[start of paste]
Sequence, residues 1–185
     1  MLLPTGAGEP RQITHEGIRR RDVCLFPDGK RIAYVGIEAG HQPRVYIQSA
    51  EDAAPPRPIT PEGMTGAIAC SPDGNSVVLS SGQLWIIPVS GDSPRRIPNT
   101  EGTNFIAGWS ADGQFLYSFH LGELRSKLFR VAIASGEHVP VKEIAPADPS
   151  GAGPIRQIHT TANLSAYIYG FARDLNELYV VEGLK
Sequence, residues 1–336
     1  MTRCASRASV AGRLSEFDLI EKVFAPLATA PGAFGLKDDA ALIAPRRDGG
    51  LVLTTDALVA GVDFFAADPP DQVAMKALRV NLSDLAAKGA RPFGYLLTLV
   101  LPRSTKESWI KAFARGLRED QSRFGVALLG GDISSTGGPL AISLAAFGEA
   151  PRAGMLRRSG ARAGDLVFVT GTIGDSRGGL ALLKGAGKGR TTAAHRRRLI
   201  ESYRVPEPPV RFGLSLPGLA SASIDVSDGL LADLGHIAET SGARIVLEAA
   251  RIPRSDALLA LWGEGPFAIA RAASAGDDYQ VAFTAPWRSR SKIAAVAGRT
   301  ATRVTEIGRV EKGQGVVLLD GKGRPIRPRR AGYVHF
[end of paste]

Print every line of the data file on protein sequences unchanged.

Sequence, residues 1–185
     1  MLLPTGAGEP RQITHEGIRR RDVCLFPDGK RIAYVGIEAG HQPRVYIQSA
    51  EDAAPPRPIT PEGMTGAIAC SPDGNSVVLS SGQLWIIPVS GDSPRRIPNT
   101  EGTNFIAGWS ADGQFLYSFH LGELRSKLFR VAIASGEHVP VKEIAPADPS
   151  GAGPIRQIHT TANLSAYIYG FARDLNELYV VEGLK
Sequence, residues 1–336
     1  MTRCASRASV AGRLSEFDLI EKVFAPLATA PGAFGLKDDA ALIAPRRDGG
    51  LVLTTDALVA GVDFFAADPP DQVAMKALRV NLSDLAAKGA RPFGYLLTLV
   101  LPRSTKESWI KAFARGLRED QSRFGVALLG GDISSTGGPL AISLAAFGEA
   151  PRAGMLRRSG ARAGDLVFVT GTIGDSRGGL ALLKGAGKGR TTAAHRRRLI
   201  ESYRVPEPPV RFGLSLPGLA SASIDVSDGL LADLGHIAET SGARIVLEAA
   251  RIPRSDALLA LWGEGPFAIA RAASAGDDYQ VAFTAPWRSR SKIAAVAGRT
   301  ATRVTEIGRV EKGQGVVLLD GKGRPIRPRR AGYVHF